1. Hi Rizwan-

        So, a couple comments…

        First, when you run sp_updatestats, you don’t specify the sample size. SQL Server uses the default, so if the table is less than 8MB, it will be a FULLSCAN. If it’s larger than, it’s a smaller percentage, sometimes around 10%, sometimes much lower.

        You are correct that on larger tables, this sample rate gets even smaller. There is no way to change that sample size unless you explicitly specify it (which you cannot do with auto-update).

        For your large tables, you can have the stats updated earlier if you enable trace flag 2371 (see http://blogs.msdn.com/b/saponsqlserver/archive/2011/09/07/changes-to-automatic-update-statistics-in-sql-server-traceflag-2371.aspx). This lowers the threshold at which stats are updated for very large tables.

        You asked, “how will optimizer find time to update stats will full resample for very large table at query run time?” Well, it doesn’t “find time”, it makes time. It samples a certain number of pages and however long it takes to read those pages, it takes… Once the stat has been updated, then the query will be compiled and run. If this is something you are concerned about, you can enable the auto update statistics asynchronously option, and this will delay the update of stats until after the query has run (so it won’t interfere with performance for that query).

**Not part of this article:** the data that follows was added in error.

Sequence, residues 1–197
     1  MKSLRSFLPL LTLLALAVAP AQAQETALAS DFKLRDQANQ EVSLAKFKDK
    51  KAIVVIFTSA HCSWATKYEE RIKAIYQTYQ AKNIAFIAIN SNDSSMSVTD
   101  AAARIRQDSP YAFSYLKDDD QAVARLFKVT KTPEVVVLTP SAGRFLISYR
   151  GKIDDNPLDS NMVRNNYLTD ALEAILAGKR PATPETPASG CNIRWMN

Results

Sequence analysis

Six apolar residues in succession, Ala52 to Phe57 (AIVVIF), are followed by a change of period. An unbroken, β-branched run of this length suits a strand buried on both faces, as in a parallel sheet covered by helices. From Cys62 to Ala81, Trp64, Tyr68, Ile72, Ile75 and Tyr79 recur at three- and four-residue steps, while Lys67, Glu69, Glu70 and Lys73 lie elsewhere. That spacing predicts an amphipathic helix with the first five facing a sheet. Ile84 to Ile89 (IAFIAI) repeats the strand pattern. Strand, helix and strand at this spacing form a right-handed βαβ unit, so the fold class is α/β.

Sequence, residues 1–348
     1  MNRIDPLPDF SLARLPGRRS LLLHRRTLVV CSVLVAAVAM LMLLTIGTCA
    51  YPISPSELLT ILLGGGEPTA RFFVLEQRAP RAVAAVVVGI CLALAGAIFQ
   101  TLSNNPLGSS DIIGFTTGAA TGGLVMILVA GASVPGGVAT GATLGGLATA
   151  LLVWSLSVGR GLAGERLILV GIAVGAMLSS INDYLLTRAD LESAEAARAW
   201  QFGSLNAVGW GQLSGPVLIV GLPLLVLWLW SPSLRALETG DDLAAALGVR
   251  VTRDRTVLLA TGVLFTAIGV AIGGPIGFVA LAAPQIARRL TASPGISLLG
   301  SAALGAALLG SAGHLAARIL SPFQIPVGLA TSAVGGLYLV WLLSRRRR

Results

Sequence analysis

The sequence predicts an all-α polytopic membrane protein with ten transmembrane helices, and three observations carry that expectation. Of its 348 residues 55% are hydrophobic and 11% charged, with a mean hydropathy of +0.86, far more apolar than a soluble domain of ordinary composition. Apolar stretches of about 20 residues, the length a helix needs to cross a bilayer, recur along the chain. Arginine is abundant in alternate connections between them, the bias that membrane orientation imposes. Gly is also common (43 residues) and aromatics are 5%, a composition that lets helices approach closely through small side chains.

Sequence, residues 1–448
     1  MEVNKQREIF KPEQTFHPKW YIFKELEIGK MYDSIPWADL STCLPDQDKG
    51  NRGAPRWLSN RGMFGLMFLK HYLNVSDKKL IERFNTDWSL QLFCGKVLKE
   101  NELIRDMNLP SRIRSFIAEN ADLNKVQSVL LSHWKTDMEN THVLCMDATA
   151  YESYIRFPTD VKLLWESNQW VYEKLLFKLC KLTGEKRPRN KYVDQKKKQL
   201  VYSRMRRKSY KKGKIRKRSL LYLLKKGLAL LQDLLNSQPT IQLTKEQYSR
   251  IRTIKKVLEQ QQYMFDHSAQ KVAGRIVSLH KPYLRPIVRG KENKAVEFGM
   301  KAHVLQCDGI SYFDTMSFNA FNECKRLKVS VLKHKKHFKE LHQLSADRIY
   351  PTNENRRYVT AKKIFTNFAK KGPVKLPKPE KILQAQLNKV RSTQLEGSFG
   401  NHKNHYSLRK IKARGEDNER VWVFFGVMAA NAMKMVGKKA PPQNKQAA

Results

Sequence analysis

You stated this: “auto-generated stats are an estimate not a true picture for us” – I’m not completely clear what that means. When statistics are captured, they are a representation of data in the column. Whether it’s completely accurate about the DISTRIBUTION of data depends on many factors, so yes, it could be that they don’t represent what’s truly in the column.

        I always recommend proactively updating statistics with a job. Whether you look for a percentage of rows modified or something else (e.g. date), I would prefer to update statistics manually (via a job) at a scheduled time, with the “right” sample size. Now, the majority of the time, the default sample works well. In cases where it doesn’t, then you may need to have statistics update with a FULLSCAN. I have one customer where we run a FULLSCAN for about 5 tables, when more than 5% of the data has changed. It’s just for those 5 tables. All the rest use the default sample.

        I hope that helps!

        Erin

  12. Hi Erin,

    How stats are updated on Alwayson secondaries means they run Update stats when we run over primary server or update <> blog column= <>

    Regards

    1. Hi Sachin-